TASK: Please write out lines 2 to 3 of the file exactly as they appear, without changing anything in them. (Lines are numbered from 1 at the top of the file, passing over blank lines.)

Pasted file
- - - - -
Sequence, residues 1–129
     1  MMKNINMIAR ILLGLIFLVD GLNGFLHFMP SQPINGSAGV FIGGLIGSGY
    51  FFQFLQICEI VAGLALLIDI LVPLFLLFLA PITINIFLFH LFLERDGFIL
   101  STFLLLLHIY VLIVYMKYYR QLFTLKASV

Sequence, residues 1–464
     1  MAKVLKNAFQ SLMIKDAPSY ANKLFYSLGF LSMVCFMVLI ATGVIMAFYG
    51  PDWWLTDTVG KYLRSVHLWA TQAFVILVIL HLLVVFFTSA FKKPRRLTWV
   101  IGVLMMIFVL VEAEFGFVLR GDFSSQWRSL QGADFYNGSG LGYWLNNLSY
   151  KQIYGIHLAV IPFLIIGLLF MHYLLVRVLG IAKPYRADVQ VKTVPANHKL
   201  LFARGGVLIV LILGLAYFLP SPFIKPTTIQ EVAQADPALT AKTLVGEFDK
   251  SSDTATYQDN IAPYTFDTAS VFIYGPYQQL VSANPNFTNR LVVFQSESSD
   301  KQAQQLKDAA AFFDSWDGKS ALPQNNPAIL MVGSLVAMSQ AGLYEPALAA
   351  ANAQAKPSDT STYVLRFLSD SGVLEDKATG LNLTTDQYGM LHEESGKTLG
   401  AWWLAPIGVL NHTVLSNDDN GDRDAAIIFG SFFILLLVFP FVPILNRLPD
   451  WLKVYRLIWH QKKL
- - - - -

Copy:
     1  MMKNINMIAR ILLGLIFLVD GLNGFLHFMP SQPINGSAGV FIGGLIGSGY
    51  FFQFLQICEI VAGLALLIDI LVPLFLLFLA PITINIFLFH LFLERDGFIL